All cats with hot spots should see a vet to help determine the underlying cause of their itchiness and treat it appropriately. Your vet will also help you confirm that this is really a hot spot. There are other conditions that might sort of look like a hot spot but require a different treatment approach, such as feline eosinophilic granuloma complex, over-grooming, abscesses, or even some kinds of cancer.

If your cat’s wound is irritating, and they won’t allow you to inspect it, it is especially important to see your vet so they get rapid pain relief as well as an accurate diagnosis and treatment plan. Any cat who has a bleeding wound, or has a wound that is oozing or smells bad needs immediate veterinary attention, too.

How do vets diagnose hot spots on cats? 

 Your vet will diagnose a hot spot based on examining your cat and evaluating the abnormal skin, as well as doing additional diagnostic tests to help determine the cause of their itch and/or pain. This includes:

  • Checking for infection: Your vet will check for bacterial and fungal infections using tests such as a skin cytology and/or bacterial and fungal cultures. 

  • Rule out skin parasites: Your vet will also check for fleas and may perform a skin scrape to look for skin mites.

  • Response to treatment: Based on the results of initial tests and your vet’s suspected diagnosis, they may use a hypoallergenic food trial, flea treatment, and/or specific medications to treat the most likely cause. Your cat’s response to these treatments can help home in on a diagnosis as their response, or lack of response, provides valuable information, too. 

  • Biopsy: In some cases, especially if the wound is severe or if your cat has not responded to initial treatments, your vet may recommend a biopsy of the skin. This means a small sample of skin is taken for microscopic analysis. This is usually the most definitive approach to getting a diagnosis, however, because it is more invasive and requires sedation, it may not be done in every case. 

  • Radiographs, ultrasound, and/or bloodwork: Your vet may also recommend these tests to look for other underlying causes of their skin disease or general discomfort. Because some hot spots can occur due to pain, it is important to look for signs of pain inside the body as well. X-Rays and ultrasound can be helpful in these cases.

How do vets treat hot spots on cats?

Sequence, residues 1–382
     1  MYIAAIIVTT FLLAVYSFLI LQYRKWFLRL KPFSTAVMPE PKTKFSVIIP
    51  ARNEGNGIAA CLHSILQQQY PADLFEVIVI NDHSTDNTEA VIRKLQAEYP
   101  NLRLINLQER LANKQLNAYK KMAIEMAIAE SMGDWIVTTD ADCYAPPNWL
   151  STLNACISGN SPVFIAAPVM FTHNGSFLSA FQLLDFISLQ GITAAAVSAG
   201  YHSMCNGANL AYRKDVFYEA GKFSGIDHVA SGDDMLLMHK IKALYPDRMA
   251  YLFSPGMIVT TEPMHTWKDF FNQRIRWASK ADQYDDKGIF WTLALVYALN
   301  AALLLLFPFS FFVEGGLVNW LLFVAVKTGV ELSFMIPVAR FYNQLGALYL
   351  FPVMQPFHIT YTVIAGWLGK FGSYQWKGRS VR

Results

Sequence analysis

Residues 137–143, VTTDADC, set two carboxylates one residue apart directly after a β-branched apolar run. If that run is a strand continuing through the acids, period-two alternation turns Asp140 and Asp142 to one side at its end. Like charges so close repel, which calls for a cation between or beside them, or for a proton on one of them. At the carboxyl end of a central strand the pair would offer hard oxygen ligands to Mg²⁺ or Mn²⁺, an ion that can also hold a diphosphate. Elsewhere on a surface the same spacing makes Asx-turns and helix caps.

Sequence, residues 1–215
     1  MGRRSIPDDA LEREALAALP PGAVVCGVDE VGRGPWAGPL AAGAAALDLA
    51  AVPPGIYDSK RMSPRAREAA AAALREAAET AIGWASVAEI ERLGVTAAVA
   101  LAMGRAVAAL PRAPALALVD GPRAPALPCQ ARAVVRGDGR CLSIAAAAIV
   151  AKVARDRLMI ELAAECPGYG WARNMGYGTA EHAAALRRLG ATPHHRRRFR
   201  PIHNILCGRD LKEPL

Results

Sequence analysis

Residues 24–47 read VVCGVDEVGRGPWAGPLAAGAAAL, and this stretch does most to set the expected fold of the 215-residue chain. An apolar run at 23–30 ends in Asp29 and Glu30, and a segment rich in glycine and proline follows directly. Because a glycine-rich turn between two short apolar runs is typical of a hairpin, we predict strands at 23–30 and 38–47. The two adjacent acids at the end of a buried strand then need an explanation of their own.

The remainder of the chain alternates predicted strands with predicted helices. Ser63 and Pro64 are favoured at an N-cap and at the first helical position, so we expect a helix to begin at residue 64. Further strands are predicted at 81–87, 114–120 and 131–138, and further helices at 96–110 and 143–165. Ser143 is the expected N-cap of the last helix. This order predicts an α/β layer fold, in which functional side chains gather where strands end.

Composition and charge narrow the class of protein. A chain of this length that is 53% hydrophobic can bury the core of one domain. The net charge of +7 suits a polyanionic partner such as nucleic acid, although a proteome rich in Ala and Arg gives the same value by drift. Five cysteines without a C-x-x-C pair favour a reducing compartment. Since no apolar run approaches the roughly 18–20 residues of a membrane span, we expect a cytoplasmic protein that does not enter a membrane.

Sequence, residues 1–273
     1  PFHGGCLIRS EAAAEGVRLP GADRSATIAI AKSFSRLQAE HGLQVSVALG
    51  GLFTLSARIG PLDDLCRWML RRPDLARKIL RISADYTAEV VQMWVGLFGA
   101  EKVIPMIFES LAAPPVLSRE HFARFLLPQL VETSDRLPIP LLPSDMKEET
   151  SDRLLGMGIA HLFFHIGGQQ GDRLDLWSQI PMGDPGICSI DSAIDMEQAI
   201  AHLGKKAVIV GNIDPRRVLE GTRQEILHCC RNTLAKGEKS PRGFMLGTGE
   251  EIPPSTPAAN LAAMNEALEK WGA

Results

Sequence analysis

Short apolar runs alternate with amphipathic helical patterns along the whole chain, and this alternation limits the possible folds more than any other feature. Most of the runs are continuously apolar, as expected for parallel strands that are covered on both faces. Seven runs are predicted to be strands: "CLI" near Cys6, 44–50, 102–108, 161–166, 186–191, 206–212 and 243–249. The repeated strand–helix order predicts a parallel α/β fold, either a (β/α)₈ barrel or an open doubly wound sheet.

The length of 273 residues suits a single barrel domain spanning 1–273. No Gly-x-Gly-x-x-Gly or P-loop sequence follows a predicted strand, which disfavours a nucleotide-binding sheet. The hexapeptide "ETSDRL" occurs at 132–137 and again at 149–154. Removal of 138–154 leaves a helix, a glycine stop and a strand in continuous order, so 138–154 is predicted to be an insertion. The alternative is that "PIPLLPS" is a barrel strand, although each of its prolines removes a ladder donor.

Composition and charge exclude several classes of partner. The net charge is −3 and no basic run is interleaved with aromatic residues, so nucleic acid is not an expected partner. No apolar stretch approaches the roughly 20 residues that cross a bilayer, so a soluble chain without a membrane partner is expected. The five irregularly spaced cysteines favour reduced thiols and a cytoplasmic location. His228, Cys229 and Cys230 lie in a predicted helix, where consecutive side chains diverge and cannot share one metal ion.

Treatment for hot spots in cats is aimed at treating the underlying cause, soothing their discomfort, and encouraging the wound to heal. This includes:

Treating the underlying cause: This is the most important part of breaking the cycle of itch and self-trauma. Your vet will work to find the underlying cause and tailor the treatment to reduce your cat’s itchiness. This may be as simple as a flea treatment for cats with fleas, a special diet for cats suspected to have a food allergy, or other specific treatments.

Soothing the discomfort: While the underlying cause is treated, your kitty may need additional treatments to reduce the itch and/or pain they feel right now. This will help them feel better and prevent them from licking the area too. This may include specific pain medications, and/or medications to reduce their itchiness such as antihistamines or steroids.

Encouraging wound healing: Your vet will likely shave the fur around the hot spot and clean it with a gentle antiseptic to help the skin heal. They may also prescribe antibiotics if the wound appears infected. They will recommend a cone or other barriers to prevent your cat from licking at the wound as well.  

FAQs (People also ask):

Can hot spots be contagious to other cats or pets?

The hot spot itself is not contagious but some of their underlying causes like fleas or ringworm may be contagious.

How long does it take for hot spots to heal in cats?

This depends on the underlying cause and whether or not you are able to prevent your cat from licking at the area. Skin generally heals within 14 days, but if there is an ongoing infection, or if your cat continues to lick the area, it could take much longer. 

What do hot spots look like on a cat?

Hot spots look like focal areas where the hair is missing or matted and the underlying skin is moist, red, oozing and may be painful to the touch.


Amy Fox

Dr. Amy Fox, DVM

Amy Fox, DVM is a small animal veterinarian in New York City. A lifelong animal lover, Dr. Fox studied biology in college and then worked as a veterinary nurse before pursuing veterinary school at Cornell University.  She has worked in many different settings including shelter medicine, emergency medicine, general practice, and animal cruelty and forensics. She is especially interested in nutrition, preventative medicine and care for senior pets. Dr. Fox also enjoys writing about veterinary medicine and teaching. In her free time she loves to cook, garden, and go for long runs.